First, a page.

Category Archives: WV and WY

Out of Hibernation

The sun has come out, briefly. Its light bounces rainbow colors off of the heavy frost that lingers at mid-morning. The snow has left all but the shadiest spots and green grass shoots cower flatly on the still cold ground. It’s not over – yet. Winter holds on as the temperature hovers around 30 degrees and a brisk wind shifts the shivering branches on the trees.
“It feels like Wyoming.” I converse with our mutt as we walk around the block. “Let’s get back home and warm up.” He seems to understand and agree since he doesn’t even look toward the long route we usually take.
I’ve come to enjoy winter less and less. I appreciate the change of season, understanding the need for winter’s sleep, but I can’t recall the last time I felt the childlike excitement in seeing the snowfall. Maybe I know my frosty foibles too well – the thump of pain and humiliation as I fall on the ice; the ache of joints and muscles from what seems like endless shovel loads of snow tossed off the walks and drive; most likely what dampens my enthusiasm is the inability to warm up after even the slightest chill – the cold sticks to my bones.
Winter walloped us this year. I can’t say that I blame him since he has been rather silent for a while. I hesitate to complain too much, relative to the winters I experienced in Wyoming, this has been only average, and fortunately, not nearly as cold. Reports from home have come in with ambient air temperatures way down to minus 20 and that is WITHOUT wind chill factored in! Old Man Winter knows how to consistently sock it to Wyoming.
Winter proves that you have to be strong to reside in Wyoming, physically and mentally. A new local friend spent a week hunting with my husband near Kemmerer in late September. When he returned he commented, “No-one is soft out there.” I agree, Wyoming people are tough and strong, but I’ve never encountered kinder hearts. I think that’s the only way that everyone stays warm.
For the past three months I’ve cowered from the winter like the grasses laying low. I cocooned myself in a blanket by the fireplace and stopped. Maybe it’s better said that I’ve been in hibernation, popping out rarely and only as needed. In that time I’ve allowed something worse than physical hibernation to transpire. The bout with winter turned into total mental stagnation – brain freeze. The imaginative production of words slowed down around Halloween, and finally froze up solid sometime in early December – frustrating.
But the sun has come out again. I am like a grumbling bear waking up, (still a bit foggy from the drowse.) Rubbing my eyes, seeing the light, I brace myself against the still sharp chill. I reach inside for the warm heart of the tough Wyoming girl to awaken. Like the daffodils beginning to reach up out of the soil I need to stretch up to the light. I see the trees have fuzzy buds – I know that West Virginia winter won’t go on much longer. I thaw the ice from my stored ideas and go out into the world of words again.



My “winter” coat came out of the closet today; it hides in there the better part of the year since the weather here in Morgantown usually doesn’t require that kind of outerwear. My husband cringes when I wear it; he doesn’t like the color. I, however, love the granny-smith-apple color; it boosts my spirit. So part of me was happy to emancipate it from the closet. My other side was taunting, “You’re just giving in, it’s not winter – yet.”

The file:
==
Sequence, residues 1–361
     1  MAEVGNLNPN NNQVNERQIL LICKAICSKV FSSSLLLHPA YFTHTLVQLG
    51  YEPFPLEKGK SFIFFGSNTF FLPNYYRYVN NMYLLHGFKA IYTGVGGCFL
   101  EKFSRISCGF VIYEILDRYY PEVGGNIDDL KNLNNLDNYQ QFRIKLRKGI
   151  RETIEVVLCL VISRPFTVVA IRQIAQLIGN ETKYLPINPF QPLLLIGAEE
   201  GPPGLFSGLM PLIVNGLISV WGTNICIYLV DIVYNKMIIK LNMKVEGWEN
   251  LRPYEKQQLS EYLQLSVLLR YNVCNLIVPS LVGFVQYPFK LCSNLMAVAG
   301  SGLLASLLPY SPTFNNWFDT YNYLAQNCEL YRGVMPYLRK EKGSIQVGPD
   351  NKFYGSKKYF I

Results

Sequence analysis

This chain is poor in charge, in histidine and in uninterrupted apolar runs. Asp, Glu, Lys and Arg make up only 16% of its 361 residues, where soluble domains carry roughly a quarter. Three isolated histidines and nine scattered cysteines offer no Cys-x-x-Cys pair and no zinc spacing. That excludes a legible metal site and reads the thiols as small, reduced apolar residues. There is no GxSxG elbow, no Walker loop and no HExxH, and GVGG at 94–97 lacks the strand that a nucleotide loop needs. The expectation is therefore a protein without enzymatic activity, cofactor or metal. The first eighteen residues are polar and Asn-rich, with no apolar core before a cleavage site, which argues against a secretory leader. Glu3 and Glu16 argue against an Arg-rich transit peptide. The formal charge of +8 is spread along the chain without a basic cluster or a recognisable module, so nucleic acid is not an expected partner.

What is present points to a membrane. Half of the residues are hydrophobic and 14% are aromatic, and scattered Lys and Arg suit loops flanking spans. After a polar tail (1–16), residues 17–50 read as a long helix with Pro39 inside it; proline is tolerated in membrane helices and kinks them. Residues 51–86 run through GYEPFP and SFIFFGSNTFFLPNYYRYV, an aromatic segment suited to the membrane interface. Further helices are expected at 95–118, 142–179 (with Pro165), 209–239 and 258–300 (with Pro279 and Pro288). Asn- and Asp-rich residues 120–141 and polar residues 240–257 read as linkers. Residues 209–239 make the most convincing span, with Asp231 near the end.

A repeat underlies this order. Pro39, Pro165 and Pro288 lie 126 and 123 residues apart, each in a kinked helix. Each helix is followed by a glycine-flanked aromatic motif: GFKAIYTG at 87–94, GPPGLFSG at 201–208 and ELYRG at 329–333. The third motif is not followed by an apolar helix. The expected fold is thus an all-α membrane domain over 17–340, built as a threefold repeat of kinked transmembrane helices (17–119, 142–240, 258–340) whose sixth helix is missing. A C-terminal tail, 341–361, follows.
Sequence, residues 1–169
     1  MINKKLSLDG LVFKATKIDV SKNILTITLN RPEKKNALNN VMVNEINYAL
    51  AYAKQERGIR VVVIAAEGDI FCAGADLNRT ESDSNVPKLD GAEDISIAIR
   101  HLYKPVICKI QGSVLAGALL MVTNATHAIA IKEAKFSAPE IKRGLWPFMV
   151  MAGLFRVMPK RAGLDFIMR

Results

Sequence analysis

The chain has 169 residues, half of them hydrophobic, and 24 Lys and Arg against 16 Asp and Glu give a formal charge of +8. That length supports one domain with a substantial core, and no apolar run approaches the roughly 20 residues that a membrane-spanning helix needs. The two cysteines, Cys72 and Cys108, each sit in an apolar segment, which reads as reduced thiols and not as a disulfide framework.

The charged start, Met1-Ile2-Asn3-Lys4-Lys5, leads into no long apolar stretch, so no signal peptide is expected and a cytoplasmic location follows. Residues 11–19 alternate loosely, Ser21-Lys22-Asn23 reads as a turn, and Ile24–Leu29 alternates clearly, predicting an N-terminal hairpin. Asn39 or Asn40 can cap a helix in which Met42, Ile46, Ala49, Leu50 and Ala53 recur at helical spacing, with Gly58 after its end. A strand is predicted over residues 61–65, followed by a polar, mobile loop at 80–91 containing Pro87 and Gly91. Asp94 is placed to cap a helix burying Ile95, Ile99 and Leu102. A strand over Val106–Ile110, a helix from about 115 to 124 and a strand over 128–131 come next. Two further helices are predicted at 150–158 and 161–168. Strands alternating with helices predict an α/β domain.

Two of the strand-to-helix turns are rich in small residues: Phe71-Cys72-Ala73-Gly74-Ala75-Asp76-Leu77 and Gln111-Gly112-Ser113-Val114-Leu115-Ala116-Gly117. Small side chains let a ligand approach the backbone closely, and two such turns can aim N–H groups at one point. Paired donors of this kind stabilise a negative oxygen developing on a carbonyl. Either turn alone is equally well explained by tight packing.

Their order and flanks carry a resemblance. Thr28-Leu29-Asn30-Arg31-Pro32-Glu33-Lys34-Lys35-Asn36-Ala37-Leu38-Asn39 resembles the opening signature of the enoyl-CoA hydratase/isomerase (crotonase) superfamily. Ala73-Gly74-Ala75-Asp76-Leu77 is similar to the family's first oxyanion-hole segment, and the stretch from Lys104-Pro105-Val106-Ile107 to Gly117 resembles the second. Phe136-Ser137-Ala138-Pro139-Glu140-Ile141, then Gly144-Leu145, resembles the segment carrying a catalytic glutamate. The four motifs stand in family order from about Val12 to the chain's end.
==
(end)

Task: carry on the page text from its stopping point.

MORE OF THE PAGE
In West Virginia the seasons roll languidly one into the other and I enjoy the passing. Like a stroll through a familiar field, I walk the hills and valleys of the seasons breathing the change in the air. Each breath from mid-September through November imbibes the soul with an accumulation of chill and damp and scent, the harbingers of nature’s frosty sleep to come.

Autumn has always been at the top of my list, even in Wyoming. The crisp morning air would give way to warm sun-drenched afternoons. The evenings would bring a welcome escape from the Wyoming wind and the chill would settle in again. Although the weather was lovely, the dreaded approach of a long and stern winter would create an anxious haste to gather wood and fell wild game before the first big snow. The seasons didn’t meld quietly into each other in Wyoming. The onset of winter was often more of a slap in the face. So a drawn-out Indian summer would unsettle my spirit to the point that I would crave the true onset of winter just to get it out of the way. Old Man Winter would pounce down in an attack of wind, cold, snow, and ice, usually in late October, and hold the landscape hostage until June. – Yes, really, it would typically last that long.

I have come to realize that life imitates nature. Maybe this is as it should be so that we can take the lessons from nature and weave them into our days before they get away. I hope to gracefully move through my autumn years with vibrant color and warmth then gently glide into the hush of winter. I certainly prefer the way winter settles over West Virginia with a sparkling accumulation of frost and occasional snow. Could I be so blessed to experience this kind of chilly-soft departure into the long winter sleep?

Written Wanderings

It seems I’ve always been a writer. Expressing through a pen thoughts, feelings, dreams, making up stories, this was all part of living. Then came adulthood with real work, family, community – and the writing took a back seat to all that seemed important at the time. I was the same person, but part of me was contained in unexpressed prose. I’m happy that this new life gives me time to be a writer again. I have the blessing of words back; I can speak in a familiar way and take you, my reader friend, along for the journey.